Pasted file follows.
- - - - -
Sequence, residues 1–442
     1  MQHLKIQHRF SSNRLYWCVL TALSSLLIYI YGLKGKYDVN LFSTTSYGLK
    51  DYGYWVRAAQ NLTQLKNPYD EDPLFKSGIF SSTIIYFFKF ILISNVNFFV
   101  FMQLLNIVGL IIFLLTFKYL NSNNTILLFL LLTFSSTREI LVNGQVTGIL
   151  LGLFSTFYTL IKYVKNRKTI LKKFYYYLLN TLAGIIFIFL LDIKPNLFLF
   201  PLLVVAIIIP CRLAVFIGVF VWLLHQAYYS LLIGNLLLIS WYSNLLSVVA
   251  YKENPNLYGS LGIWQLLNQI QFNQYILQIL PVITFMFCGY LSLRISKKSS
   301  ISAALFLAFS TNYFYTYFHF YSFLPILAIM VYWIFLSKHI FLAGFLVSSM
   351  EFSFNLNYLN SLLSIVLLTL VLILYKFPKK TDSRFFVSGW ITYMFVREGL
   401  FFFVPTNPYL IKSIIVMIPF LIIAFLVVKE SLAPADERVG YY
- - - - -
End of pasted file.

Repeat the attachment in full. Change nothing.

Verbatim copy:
Sequence, residues 1–442
     1  MQHLKIQHRF SSNRLYWCVL TALSSLLIYI YGLKGKYDVN LFSTTSYGLK
    51  DYGYWVRAAQ NLTQLKNPYD EDPLFKSGIF SSTIIYFFKF ILISNVNFFV
   101  FMQLLNIVGL IIFLLTFKYL NSNNTILLFL LLTFSSTREI LVNGQVTGIL
   151  LGLFSTFYTL IKYVKNRKTI LKKFYYYLLN TLAGIIFIFL LDIKPNLFLF
   201  PLLVVAIIIP CRLAVFIGVF VWLLHQAYYS LLIGNLLLIS WYSNLLSVVA
   251  YKENPNLYGS LGIWQLLNQI QFNQYILQIL PVITFMFCGY LSLRISKKSS
   301  ISAALFLAFS TNYFYTYFHF YSFLPILAIM VYWIFLSKHI FLAGFLVSSM
   351  EFSFNLNYLN SLLSIVLLTL VLILYKFPKK TDSRFFVSGW ITYMFVREGL
   401  FFFVPTNPYL IKSIIVMIPF LIIAFLVVKE SLAPADERVG YY